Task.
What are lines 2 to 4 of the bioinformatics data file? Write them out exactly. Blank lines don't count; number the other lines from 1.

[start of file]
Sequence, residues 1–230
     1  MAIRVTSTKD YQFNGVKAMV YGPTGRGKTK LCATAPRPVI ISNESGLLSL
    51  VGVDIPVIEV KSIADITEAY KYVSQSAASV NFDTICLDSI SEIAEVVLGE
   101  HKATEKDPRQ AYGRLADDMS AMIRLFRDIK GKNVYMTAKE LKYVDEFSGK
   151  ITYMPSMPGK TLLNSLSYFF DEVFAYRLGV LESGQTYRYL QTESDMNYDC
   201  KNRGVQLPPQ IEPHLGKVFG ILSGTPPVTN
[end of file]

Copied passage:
     1  MAIRVTSTKD YQFNGVKAMV YGPTGRGKTK LCATAPRPVI ISNESGLLSL
    51  VGVDIPVIEV KSIADITEAY KYVSQSAASV NFDTICLDSI SEIAEVVLGE
   101  HKATEKDPRQ AYGRLADDMS AMIRLFRDIK GKNVYMTAKE LKYVDEFSGK